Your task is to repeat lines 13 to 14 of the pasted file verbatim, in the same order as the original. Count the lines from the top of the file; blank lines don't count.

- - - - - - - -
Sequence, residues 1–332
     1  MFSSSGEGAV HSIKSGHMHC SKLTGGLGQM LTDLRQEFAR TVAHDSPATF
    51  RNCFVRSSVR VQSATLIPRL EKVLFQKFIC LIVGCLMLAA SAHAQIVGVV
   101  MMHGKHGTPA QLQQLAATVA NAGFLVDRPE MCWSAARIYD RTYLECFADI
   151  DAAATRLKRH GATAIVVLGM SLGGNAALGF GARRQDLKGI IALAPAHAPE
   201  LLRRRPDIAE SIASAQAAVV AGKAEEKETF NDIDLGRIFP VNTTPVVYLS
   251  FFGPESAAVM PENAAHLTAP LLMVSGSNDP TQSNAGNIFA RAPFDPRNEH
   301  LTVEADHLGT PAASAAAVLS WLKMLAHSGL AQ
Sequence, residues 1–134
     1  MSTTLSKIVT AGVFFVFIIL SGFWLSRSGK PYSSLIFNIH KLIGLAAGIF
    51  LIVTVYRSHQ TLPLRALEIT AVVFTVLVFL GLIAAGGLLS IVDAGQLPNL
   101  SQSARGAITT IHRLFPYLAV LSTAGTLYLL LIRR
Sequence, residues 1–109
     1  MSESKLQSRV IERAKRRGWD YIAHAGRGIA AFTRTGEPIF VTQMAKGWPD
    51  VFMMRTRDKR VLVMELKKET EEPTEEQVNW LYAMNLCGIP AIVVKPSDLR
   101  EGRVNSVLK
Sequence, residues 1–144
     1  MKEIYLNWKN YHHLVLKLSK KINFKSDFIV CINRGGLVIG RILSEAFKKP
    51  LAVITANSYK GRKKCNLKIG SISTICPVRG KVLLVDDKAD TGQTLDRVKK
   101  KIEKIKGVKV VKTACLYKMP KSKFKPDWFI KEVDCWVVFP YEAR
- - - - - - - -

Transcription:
Sequence, residues 1–109
     1  MSESKLQSRV IERAKRRGWD YIAHAGRGIA AFTRTGEPIF VTQMAKGWPD